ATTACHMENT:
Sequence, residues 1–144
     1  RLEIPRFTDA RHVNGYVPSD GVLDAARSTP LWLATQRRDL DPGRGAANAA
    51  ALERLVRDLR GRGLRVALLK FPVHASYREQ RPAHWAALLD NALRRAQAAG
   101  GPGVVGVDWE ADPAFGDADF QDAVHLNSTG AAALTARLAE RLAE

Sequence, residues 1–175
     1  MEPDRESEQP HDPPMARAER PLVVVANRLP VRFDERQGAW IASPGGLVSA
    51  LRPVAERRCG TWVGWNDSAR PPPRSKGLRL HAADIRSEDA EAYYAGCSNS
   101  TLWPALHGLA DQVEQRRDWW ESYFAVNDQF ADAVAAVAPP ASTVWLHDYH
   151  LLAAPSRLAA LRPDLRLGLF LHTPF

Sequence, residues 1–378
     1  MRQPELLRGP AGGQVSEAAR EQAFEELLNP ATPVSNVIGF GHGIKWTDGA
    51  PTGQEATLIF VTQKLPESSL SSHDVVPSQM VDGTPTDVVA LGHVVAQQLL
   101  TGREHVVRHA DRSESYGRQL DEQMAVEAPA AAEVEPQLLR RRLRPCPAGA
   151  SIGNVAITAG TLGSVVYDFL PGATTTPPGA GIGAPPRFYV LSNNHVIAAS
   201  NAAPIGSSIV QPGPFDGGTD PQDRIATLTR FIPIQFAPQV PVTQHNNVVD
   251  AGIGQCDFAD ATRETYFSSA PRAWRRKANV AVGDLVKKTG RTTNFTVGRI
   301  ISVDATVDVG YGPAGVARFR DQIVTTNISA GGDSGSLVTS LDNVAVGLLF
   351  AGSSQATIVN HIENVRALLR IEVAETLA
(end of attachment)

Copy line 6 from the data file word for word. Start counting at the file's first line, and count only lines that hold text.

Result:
     1  MEPDRESEQP HDPPMARAER PLVVVANRLP VRFDERQGAW IASPGGLVSA